But I was also just wondering if the chinese coils might last longer if a ballast resistor was used...?
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  #25  
Old July 9th, 2017, 10:34 AM
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Quote:
But I was also just wondering if the chinese coils might last longer if a ballast resistor was used...?
All the new coils have the ballast resistor built into the coil itself.
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  #26  
Old July 9th, 2017, 10:46 AM
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Quote:
Originally Posted by kwai View Post
All the new coils have the ballast resistor built into the coil itself.
Ahh... gotcha. Forgot that was mentioned earlier. So.. just junk with no workaround then.

I loves me some HEI.
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  #27  
Old July 9th, 2017, 05:15 PM
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I contacted the seller and he is sending a new coil to me, (I have to pay the $8 postage and handling fee). I don't have a problem with that though. I was just happy he took my word that I only got 3 starts on the first coil he sent me. He told me to keep the other coil he originally sent. I was willing to send it back to him, but he didn't want it back. I still need to check for 24 volts at the distributor. I'll drop in the new coil when I get it and hope for the best.
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  #28  
Old July 9th, 2017, 10:55 PM
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I am pretty certain that the coil in my truck is an M-37 coil. I paid $60.00, used, tested.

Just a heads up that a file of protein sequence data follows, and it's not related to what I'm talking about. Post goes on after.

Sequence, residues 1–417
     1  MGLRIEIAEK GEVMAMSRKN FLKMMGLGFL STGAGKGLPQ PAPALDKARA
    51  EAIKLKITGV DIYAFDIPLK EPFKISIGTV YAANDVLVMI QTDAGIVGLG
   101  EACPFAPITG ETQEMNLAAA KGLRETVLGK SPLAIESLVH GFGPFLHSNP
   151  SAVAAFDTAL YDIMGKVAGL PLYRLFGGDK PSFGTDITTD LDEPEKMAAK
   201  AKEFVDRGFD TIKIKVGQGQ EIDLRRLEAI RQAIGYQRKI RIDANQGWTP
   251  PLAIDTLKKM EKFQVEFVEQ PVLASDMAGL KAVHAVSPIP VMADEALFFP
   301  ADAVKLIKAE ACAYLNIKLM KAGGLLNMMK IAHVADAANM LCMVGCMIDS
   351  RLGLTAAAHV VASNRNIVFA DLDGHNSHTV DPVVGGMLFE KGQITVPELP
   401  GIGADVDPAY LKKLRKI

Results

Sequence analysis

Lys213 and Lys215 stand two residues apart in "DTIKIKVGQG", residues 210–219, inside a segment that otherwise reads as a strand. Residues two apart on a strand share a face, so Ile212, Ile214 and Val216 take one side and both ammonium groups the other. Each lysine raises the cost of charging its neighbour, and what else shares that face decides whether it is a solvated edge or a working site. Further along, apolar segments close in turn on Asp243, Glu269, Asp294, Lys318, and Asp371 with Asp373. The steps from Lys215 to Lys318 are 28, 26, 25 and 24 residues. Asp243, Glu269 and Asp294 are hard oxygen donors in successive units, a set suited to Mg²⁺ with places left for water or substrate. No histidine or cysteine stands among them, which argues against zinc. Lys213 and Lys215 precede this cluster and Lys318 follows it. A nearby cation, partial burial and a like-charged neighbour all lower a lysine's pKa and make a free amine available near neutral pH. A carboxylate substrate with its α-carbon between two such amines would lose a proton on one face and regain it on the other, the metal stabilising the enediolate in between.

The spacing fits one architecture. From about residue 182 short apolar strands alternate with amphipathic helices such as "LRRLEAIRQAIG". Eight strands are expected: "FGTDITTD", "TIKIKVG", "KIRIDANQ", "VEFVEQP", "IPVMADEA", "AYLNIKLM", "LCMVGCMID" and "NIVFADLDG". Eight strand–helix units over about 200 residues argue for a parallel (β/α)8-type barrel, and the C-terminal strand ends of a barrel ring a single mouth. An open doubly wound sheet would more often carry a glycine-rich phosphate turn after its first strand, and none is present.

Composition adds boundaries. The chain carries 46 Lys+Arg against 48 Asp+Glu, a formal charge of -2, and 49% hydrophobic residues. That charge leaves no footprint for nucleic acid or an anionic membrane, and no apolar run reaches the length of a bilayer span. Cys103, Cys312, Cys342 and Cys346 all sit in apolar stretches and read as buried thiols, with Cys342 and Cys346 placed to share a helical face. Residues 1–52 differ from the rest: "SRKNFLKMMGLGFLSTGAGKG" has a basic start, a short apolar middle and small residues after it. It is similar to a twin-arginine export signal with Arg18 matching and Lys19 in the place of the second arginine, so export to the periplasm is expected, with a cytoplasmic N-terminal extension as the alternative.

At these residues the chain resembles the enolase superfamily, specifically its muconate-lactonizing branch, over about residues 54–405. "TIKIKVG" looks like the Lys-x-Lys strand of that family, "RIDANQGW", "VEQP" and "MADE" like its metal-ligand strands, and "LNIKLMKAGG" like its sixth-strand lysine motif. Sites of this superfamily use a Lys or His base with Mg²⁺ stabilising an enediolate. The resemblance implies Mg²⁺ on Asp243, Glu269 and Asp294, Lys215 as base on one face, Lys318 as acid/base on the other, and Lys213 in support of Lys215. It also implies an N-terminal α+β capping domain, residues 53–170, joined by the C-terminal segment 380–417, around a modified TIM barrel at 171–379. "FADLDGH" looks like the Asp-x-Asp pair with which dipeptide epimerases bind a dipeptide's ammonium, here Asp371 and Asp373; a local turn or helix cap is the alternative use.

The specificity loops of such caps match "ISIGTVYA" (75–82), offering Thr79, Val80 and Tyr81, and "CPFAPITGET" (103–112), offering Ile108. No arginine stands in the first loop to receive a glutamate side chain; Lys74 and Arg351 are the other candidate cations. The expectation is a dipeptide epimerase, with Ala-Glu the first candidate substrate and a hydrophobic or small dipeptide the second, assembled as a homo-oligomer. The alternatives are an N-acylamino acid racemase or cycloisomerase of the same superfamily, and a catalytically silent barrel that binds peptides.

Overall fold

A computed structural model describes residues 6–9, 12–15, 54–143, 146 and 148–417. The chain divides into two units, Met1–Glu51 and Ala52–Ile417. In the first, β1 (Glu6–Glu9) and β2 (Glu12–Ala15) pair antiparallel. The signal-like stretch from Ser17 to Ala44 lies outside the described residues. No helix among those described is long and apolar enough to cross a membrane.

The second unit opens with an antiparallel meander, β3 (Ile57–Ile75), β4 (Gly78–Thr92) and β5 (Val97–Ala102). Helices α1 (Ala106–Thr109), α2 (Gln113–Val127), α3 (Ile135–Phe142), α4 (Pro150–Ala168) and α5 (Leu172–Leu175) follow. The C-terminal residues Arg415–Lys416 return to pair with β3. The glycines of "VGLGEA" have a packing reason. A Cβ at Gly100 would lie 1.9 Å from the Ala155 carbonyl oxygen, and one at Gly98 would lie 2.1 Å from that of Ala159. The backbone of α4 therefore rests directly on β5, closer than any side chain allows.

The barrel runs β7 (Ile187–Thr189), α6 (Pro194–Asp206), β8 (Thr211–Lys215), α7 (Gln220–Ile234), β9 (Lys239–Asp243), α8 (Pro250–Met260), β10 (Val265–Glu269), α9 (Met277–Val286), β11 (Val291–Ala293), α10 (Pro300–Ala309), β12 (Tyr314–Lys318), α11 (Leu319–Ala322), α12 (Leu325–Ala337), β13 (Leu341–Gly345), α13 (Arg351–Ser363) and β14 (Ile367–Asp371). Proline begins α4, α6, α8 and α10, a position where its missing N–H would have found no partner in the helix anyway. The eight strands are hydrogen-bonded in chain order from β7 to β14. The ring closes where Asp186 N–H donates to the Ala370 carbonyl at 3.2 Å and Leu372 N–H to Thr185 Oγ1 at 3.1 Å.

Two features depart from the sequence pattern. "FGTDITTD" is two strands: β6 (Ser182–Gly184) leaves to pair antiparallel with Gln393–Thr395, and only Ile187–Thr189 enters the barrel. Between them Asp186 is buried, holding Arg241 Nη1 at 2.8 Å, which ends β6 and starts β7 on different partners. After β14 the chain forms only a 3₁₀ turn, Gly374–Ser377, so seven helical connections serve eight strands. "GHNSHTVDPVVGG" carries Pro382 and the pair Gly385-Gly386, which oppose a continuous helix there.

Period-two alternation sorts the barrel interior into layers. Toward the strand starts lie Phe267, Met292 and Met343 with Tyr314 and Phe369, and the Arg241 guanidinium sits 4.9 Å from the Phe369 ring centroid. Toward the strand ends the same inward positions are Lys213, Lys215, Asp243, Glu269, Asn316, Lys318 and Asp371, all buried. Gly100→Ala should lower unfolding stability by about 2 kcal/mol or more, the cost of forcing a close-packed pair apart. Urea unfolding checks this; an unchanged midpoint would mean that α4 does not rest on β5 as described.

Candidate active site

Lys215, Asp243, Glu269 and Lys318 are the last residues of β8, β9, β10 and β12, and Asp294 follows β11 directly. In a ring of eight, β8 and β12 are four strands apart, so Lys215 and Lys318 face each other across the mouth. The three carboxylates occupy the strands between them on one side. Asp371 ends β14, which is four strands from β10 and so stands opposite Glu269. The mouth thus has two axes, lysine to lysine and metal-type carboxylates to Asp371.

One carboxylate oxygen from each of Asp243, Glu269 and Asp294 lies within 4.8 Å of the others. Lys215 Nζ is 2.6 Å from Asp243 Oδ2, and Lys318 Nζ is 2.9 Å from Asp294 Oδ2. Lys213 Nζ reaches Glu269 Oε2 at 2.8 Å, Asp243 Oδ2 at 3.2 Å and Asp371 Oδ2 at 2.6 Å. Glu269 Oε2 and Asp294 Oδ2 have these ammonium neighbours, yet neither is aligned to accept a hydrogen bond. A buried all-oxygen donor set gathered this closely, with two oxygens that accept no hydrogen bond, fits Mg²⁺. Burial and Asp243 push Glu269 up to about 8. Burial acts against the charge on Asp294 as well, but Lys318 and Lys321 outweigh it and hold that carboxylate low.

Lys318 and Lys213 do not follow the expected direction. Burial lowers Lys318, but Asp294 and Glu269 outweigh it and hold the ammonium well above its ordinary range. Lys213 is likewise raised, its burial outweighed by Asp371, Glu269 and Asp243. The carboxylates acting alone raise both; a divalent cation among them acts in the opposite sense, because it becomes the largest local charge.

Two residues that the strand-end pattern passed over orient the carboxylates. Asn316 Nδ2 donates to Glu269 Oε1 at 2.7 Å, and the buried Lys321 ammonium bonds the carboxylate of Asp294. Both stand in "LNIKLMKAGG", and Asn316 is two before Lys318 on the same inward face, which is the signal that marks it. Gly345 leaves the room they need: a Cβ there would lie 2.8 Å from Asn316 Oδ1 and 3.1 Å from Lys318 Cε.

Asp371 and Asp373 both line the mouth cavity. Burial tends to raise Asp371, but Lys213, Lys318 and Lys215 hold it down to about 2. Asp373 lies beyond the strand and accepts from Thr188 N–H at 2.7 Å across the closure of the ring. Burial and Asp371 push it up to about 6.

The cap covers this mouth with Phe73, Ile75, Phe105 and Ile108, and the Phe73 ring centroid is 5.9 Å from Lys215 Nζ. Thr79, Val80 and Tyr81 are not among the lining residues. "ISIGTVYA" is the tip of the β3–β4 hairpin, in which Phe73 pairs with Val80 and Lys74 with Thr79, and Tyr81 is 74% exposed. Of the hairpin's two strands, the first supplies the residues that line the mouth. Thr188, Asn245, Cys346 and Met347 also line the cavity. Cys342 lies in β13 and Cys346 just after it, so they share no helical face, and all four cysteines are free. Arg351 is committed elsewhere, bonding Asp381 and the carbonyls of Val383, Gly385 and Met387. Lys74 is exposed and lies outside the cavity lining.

So, the question is, will any other 6-cylinder coil work? How about from a gasser deuce? 5-ton gasser? All of them were 24-Volt. Any former motor pool guys out there?

Anyone, anyone, anyone, Bueller, Bueller, Bueller?
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  #29  
Old July 9th, 2017, 11:53 PM
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With all the coils out there from other motors, why is the coil for the M715 so specific to the vehicle? I'm a home garage mechanic and know my knowledge is somewhat limited, but I just don't understand the principle behind this M715 coil problem so many of us have. Does the ignitor being fairly close to the exhaust manifold have anything to do with it? Of course, all of this talk and it may not even be the coil.
One thing I forgot to mention early on in this thread was that the coil the guy sent the first time had a date written on it in magic marker. That date said 2008. He assured me it was a display coil and had never been used before. Can a coil go bad sitting on a shelf over the years? I would think that summer heat and humidity might have an adverse effect on it over a period of time. Also, is their any way to tell if your cap and rotor are good or bad? I've inspected mine and truthfully, they look to be in outstanding condition. I'm trying to cover all my bases here, as I'm pretty frustrated at this problem I'm having.
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  #30  
Old July 10th, 2017, 02:57 AM
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Sitting on the shelf should not cause it to go bad. Remember coils on civilian vehicles were out in the weather 24-7.

Since the Chinese coils seem to have a problem, I think it comes down to just plain poor manufacturing. How many brand name batteries have destroyed electronic equipment, remotes, volt meters, flashlights that you own? And before their expiration date. I have had Duracell, Energizer, Ray-O-Vac, you name it, just leak all over. Where were they made? You guessed it, China.

I suspect these coils are just made with inferior insulation on the windings...

Is there some one of us who can answer my question above about other 6-cylinder engines?